Obtuse and overwhelming, PlanetSide 2's gargantuan free-to-play MMOFPS arrives on PlayStation 4 virtually undiminished from its PC incarnation. This is still a game that makes few concessions for new players, bombarding you with icons, mission updates and map markers but pretty much leaving you to figure things out for yourself.
We originally published this article on the PlayStation 4 PlanetSide 2 beta on April 26th, and were all set to produce a new piece for the game's launch. However, once the EU servers came online, we found that our thoughts on the game - along with its overall performance profile - remain largely unchanged. That being the case, we're re-publishing our original piece for those that may have missed it originally.
With just a minute left on the clock, the battle for Hossin is a dead-heat. The jungle-continent is split almost straight down the middle, between shades of red and blue. The heavyweight New Conglomerate faction are just a single point ahead of their lighter, more agile Terran Republic opponents, who are throwing everything they've got right across the NC's front-line. A single captured base would swing it for the Terrans, who dominated the battlefield for almost an hour-and-a-half.
Two years ago Sony Online Entertainment launched massively multiplayer online first-person shooter PlanetSide 2 on PC - and it's still going strong. It's a game where hundreds of players work together to complete objectives on huge battlefields. Soldiers jump around firing assault rifles as others pilot futuristic helicopters overhead. For PlanetSide 2's battles, big is definitely better. Eurogamer recently tried to work out just how big.
PlanetSide 2 is a game of moments. It's a titanic, perpetual sci-fi war that sees thousands of players battling it out over the four continents of the planet Auraxis, its spectacle driven entirely by player action. It's where you can witness dozens of tanks roll out into an icy valley on the frozen continent of Esamir, or watch laser fire from a hundred players light up the night on an Indarian plain.
It's Sunday evening when you get the call. You're putting out the bins, ready for rubbish collection, when your iPhone gives an urgent beep. It's the PlanetSide 2 app, telling you that one of your bases is under attack, that Vanu tanks are within firing range, that your squad has swung into action. A few taps of the screen tells you which squadmates are already en route. A friend messages you, urging you to join them because, hell, you're the most qualified Prowler pilot they've got. You rush to the PC, and you fire up the game.
The squad leader's already barking out orders through voice over IP. That's funny, you say, you thought she was on holiday. She tells you she is; she tells you she's issuing orders from her hotel room, tablet in hand. She tells you things won't be quite so funny when the Vanu capture those vital resources and turn them against you. She's squinting at a battle map that fills the tablet's screen, trying to anticipate the enemy's attack, and she has instructions for your deployment.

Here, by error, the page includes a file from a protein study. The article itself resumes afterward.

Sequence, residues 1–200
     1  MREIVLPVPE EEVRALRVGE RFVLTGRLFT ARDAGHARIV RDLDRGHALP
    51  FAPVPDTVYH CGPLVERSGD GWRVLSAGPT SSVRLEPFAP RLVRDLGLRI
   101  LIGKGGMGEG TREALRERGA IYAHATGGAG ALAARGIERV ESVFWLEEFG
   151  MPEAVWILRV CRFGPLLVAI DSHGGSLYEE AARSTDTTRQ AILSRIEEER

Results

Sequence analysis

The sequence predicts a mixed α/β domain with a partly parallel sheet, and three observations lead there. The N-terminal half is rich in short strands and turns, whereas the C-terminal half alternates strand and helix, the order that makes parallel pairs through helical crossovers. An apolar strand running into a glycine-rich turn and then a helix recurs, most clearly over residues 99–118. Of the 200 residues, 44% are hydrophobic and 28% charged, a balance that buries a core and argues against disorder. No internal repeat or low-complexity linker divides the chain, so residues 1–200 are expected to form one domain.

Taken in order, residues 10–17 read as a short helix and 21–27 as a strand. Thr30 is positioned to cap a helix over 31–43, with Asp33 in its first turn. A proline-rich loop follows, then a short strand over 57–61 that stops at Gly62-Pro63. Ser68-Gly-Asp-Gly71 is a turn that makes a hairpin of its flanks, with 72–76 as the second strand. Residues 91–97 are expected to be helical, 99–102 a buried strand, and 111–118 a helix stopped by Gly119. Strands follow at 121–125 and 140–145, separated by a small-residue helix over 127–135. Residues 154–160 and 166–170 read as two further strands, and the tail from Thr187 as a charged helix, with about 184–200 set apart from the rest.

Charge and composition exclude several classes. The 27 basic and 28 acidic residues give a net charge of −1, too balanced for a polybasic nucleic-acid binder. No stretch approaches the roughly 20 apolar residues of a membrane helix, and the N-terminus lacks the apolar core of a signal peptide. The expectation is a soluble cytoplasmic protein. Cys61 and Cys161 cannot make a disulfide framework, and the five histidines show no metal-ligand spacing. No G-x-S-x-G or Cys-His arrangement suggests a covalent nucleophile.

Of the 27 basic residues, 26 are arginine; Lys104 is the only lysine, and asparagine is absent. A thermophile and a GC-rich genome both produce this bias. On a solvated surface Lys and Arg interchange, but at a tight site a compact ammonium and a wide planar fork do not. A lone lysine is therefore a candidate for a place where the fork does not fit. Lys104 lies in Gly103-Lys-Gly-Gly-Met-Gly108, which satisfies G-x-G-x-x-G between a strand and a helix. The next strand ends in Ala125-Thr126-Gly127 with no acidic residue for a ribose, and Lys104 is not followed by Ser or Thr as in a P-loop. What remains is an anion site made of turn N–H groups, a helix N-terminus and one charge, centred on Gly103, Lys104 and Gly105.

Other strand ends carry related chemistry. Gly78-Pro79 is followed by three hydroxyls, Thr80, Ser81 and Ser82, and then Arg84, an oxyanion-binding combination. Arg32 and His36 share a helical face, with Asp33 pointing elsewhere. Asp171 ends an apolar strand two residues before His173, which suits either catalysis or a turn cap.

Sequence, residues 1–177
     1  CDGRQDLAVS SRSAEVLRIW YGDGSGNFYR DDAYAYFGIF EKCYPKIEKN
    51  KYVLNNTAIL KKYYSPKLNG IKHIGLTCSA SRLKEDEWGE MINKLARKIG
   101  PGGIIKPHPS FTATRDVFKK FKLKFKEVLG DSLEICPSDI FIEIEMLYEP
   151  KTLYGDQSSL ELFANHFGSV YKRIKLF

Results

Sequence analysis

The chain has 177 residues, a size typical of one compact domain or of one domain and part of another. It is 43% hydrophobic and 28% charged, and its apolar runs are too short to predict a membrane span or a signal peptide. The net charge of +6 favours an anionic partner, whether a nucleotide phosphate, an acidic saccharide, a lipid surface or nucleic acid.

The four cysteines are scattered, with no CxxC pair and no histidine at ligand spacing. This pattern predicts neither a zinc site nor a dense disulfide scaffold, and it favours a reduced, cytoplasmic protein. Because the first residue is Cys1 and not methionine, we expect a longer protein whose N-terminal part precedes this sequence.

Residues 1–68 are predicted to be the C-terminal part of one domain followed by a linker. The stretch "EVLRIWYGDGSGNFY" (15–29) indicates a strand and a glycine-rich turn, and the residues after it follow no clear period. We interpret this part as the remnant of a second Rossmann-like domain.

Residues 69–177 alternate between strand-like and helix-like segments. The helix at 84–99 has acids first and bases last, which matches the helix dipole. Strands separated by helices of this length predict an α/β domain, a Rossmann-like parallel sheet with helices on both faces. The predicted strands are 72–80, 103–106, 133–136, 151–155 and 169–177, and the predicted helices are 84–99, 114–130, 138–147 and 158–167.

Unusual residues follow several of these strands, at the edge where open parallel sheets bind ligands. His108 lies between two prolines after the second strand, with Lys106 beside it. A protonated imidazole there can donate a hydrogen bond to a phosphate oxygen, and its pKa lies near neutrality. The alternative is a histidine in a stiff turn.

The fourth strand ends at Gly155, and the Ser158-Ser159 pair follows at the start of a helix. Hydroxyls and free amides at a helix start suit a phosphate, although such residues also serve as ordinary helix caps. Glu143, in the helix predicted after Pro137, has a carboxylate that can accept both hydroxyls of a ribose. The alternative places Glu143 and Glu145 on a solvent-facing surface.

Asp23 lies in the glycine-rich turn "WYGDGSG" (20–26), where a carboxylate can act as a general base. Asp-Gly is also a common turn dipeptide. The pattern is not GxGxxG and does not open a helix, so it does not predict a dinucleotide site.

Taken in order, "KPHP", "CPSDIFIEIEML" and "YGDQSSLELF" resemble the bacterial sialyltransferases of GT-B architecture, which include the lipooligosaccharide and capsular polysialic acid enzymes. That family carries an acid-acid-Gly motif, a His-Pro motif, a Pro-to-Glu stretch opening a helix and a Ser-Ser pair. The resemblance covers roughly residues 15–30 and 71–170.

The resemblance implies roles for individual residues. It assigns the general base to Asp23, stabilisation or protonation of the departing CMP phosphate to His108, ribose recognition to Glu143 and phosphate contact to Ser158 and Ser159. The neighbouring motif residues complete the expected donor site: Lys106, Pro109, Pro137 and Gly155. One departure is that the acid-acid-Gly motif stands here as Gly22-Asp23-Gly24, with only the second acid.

You do a quick background check on the incoming forces, because you swear those custom decals are familiar. Yeah, that's right, you tangled with this unit back at that research facility, about a week ago. It didn't go well, but since then you've unlocked a few more certifications on the Prowler, a few more surprises to stuff up your sleeve. The tank's engine roars into life and the moment your gunner climbs in, they've auto-joined you on voice chat. "What's our orders, boss?" he asks, and for just a moment you stare out the window at your neglected bins. "It's time," you tell him, "To take out the trash."
Tom's already offered you a rundown of this year's Actual New Games - the ones that are offering, in their own ways, something unique - and now here's the slightly less glamorous look at the other side of the coin.
They're big business, these blockbuster sequels, and for all that we lament the lack of innovation it's these big-budget series that inevitably garner the most attention and inspire the most devotion from the majority. That's nothing to be scorned - iteration's an important thing in games development and indeed the development of games - and a composite of evolved features designed to fulfil a particular desire, be that the needs of a sports fan or those wanting a fresh shooter fix, can be just as important to the progression of the medium as the advent of a new game mechanic or control concept.
Sequels take many forms and capture our attention for many reasons. Some build their features up year by year, like FIFA and Call of Duty, and will continue to be brilliant when we encounter them later in 2012. Others build on the storytelling or world-building of games a few years past, like Gearbox's brilliant-looking Borderlands 2 or the sure-to-be-spectacular finale to the Shepard's tale in Mass Effect 3. And some are interesting because of their circumstances - Halo 4, for example, is another big-budget sequel on the near horizon, and with a new and as-yet unproven developer filling Bungie's big boots, we're just interested in that out of morbid curiosity as devotion to the series.